Licensed to Ill review at Camden People’s Theatre, London – ‘irresistible tribute to the Beastie Boys’
Tumbling over itself in its sheer eagerness to rock and to please, Licensed to Ill is the story of the Beastie Boys told in the only way it should be: a gawky air-punch of a musical that hides its smarts and talent under a bushel of bone-headed good times.
Tracing the boys from their meeting on the New York hardcore scene, as they abandon punk for pranked-out hip-hop, the cast throws itself at the stage, pulling off some impressively convincing recreations of Beastie classics and dragging the audience into the party.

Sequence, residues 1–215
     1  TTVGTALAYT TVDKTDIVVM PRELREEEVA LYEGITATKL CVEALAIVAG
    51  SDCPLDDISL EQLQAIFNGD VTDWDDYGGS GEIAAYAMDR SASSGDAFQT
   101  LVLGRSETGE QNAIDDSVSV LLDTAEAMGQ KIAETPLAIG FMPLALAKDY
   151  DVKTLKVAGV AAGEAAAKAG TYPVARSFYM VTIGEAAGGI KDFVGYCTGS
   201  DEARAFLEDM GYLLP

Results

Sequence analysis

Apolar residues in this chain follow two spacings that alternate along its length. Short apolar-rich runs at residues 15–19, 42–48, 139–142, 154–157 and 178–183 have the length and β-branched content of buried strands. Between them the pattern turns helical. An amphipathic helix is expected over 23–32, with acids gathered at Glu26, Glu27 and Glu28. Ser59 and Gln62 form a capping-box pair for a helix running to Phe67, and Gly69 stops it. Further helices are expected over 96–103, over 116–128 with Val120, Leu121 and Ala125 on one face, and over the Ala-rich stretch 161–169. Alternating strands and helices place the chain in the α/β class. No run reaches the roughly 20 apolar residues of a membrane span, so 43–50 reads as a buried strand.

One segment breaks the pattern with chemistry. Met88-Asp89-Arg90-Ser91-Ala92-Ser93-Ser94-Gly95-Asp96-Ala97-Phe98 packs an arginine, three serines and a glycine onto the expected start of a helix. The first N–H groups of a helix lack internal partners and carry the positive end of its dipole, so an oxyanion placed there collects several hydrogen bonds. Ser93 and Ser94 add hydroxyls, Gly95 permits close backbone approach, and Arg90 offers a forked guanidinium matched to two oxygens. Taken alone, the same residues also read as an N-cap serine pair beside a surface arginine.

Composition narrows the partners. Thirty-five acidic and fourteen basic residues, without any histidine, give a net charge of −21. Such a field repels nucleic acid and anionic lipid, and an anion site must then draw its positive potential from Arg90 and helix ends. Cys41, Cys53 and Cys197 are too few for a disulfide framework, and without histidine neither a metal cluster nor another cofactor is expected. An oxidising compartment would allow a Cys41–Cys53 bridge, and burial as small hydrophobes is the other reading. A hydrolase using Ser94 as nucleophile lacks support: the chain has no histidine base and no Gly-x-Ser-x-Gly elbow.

There’s an ocean of love for the material that spills across the auditorium like a ruptured keg, but also a wealth of ingenious ideas and witty staging. Producer Rick Rubin becomes an enormous goggle-eyed puppet the colour and texture of the mogul’s legendary beard; the Fight for Your Right video is recreated onstage with a frat party of audience members, sipping from red cups as the boys raise hell around them.
It’s a total ensemble piece, but Tope Mikun, as onstage DJ and dozens of subsidiary characters, consistently steals the show.
Performed with explosive energy and such raw positivity the room practically shakes with it, Licensed to Ill is an irresistible tribute to the masters of rap-rock. If you’re not a fan of the Beastie Boys you might not have the best of times, but then if you’re not a fan of the Beastie Boys you’re probably used to that.
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